Monday, November 24, 2014

Paul Verhaeghe — Neoliberalism has brought out the worst in us

An economic system that rewards psychopathic personality traits has changed our ethics and our personalities… 
We tend to perceive our identities as stable and largely separate from outside forces. But over decades of research and therapeutic practice, I have become convinced that economic change is having a profound effect not only on our values but also on our personalities. Thirty years of neoliberalism, free-market forces and privatisation have taken their toll, as relentless pressure to achieve has become normative. If you’re reading this sceptically, I put this simple statement to you: meritocratic neoliberalism favours certain personality traits and penalises others.…
There are constant laments about the so-called loss of norms and values in our culture. Yet our norms and values make up an integral and essential part of our identity. So they cannot be lost, only changed. And that is precisely what has happened: a changed economy reflects changed ethics and brings about changed identity. The current economic system is bringing out the worst in us.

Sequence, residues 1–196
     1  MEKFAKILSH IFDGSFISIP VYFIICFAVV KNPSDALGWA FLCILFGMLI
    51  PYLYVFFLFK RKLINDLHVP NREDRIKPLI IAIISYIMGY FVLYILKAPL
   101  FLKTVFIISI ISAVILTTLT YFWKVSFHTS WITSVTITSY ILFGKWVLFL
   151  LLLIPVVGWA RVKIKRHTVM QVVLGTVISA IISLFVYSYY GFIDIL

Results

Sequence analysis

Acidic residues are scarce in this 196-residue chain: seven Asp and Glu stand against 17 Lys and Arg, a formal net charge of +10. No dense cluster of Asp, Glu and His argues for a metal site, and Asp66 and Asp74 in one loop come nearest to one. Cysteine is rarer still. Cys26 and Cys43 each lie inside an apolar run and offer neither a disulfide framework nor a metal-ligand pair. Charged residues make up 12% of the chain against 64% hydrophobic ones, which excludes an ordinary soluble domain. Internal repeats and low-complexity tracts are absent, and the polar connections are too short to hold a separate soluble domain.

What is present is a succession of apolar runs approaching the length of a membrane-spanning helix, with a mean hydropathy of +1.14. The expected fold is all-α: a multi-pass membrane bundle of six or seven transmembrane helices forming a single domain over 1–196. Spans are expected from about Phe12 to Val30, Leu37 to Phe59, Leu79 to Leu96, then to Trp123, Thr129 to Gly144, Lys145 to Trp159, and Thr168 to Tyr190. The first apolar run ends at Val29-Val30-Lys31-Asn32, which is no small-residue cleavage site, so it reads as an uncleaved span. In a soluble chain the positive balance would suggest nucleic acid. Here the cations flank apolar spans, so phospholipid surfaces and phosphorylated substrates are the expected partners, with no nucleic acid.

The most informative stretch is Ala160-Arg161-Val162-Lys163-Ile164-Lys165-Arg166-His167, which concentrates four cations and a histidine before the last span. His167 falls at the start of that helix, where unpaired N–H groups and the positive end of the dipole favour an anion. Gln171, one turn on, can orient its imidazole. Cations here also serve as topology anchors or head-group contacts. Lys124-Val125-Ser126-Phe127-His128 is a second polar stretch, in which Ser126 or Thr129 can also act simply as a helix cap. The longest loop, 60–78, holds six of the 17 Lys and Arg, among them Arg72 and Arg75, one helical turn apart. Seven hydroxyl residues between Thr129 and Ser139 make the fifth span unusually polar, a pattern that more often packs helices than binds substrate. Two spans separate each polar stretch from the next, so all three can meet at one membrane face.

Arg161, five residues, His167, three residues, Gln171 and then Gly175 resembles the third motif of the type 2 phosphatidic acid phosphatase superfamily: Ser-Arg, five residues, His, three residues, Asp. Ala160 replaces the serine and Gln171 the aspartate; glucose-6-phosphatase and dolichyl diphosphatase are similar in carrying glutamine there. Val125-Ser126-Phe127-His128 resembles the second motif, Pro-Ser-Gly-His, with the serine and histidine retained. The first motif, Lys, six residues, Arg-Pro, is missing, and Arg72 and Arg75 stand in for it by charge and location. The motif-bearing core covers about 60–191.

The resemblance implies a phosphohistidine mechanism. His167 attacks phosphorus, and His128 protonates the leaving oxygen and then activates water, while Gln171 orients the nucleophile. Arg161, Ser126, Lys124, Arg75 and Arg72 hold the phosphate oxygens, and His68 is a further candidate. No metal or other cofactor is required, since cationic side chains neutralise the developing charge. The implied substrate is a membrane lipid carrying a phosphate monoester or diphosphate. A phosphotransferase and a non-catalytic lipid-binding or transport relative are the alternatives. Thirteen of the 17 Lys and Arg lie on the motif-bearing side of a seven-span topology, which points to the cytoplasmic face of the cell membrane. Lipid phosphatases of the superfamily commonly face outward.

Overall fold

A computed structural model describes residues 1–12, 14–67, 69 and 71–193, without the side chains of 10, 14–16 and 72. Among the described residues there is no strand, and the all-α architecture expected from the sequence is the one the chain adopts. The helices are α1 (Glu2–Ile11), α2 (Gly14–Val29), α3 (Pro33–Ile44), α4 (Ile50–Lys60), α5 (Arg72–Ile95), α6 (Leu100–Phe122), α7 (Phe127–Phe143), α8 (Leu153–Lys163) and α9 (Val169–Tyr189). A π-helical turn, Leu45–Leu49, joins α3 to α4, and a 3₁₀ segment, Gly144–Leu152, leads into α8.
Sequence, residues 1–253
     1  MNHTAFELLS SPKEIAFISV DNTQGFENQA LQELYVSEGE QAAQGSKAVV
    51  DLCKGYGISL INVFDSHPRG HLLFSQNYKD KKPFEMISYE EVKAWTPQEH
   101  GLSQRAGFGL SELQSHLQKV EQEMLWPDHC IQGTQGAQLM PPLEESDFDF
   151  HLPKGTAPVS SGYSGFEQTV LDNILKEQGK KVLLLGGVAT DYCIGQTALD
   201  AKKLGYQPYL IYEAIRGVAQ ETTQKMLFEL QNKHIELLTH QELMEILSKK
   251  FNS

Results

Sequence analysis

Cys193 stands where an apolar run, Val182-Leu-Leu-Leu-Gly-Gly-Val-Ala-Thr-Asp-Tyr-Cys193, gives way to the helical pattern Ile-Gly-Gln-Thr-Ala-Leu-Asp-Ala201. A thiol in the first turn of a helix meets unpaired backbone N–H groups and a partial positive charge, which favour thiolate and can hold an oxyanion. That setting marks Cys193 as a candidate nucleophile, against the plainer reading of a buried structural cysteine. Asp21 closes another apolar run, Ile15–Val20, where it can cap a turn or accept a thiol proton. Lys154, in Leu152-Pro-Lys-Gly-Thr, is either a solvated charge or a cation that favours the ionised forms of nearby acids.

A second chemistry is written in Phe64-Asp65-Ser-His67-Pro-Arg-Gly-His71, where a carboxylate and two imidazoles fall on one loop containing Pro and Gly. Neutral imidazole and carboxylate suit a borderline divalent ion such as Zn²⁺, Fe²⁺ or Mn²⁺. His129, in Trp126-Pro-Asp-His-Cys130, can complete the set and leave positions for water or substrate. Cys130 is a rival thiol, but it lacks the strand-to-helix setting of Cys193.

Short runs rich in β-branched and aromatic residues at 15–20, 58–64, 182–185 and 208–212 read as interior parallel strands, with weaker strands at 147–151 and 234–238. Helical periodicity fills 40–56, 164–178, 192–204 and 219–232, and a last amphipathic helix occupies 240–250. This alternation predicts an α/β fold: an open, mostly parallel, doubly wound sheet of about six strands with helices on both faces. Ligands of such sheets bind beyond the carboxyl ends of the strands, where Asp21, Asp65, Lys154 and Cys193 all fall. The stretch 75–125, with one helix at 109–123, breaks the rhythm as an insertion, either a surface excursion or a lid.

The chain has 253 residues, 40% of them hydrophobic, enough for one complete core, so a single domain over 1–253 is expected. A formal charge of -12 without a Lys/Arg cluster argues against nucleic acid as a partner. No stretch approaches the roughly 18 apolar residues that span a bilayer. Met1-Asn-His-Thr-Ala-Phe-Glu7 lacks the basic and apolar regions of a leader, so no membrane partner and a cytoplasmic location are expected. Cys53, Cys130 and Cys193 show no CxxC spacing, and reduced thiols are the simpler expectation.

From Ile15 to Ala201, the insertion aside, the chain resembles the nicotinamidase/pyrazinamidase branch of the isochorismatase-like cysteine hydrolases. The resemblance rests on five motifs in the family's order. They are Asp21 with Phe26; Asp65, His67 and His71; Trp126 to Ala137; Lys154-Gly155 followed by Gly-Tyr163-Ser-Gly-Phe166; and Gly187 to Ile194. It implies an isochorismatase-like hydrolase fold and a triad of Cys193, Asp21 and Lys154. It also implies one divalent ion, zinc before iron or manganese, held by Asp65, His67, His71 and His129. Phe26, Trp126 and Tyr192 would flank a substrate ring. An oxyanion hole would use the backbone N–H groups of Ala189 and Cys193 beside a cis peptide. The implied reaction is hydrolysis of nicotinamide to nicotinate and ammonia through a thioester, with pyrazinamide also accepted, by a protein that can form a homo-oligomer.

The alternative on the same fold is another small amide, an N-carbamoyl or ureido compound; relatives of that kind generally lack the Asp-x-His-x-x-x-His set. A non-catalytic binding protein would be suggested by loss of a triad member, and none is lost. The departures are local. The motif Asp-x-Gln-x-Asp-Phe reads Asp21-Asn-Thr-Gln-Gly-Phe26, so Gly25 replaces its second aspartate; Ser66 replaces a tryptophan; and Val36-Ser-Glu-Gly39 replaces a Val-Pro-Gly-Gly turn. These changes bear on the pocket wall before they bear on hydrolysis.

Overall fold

The Guardian
Neoliberalism has brought out the worst in us
Paul Verhaeghe | Professor and Chair of the Department for Psychoanalysis and Counseling Psychology, Ghent University

1 comment:

Unknown said...

My position has always been that being a highly moral person is a huge detriment to being an extremely successful business person.

If you define morality based on the golden rule, then many business transactions violate it. Firing people, holding down wages, misleading sales pitches and advertisements (as all sales pitches and advertisements are misleading on some level), maximizing profits and dollars is by definition done at the expense of other things. The whole concept of using leverage in a negotiation to make someone cave to your demands, etc

All of this is necessary to be a truly successful business person, if success is measured by market share and income. And I've personally partaken in all of it (and Im certainly not financially successful) and dont consider myself to be immoral. Maybe thats me being a hypocrite or maybe its just comparing apples to speedboats. I dont know. I just think as a general rule, that society shouldnt worship the extremely wealthy because more likely than not that means they've screwed alot of people over on their way to the top.

The whole behind every great fortune is a great crime thing I guess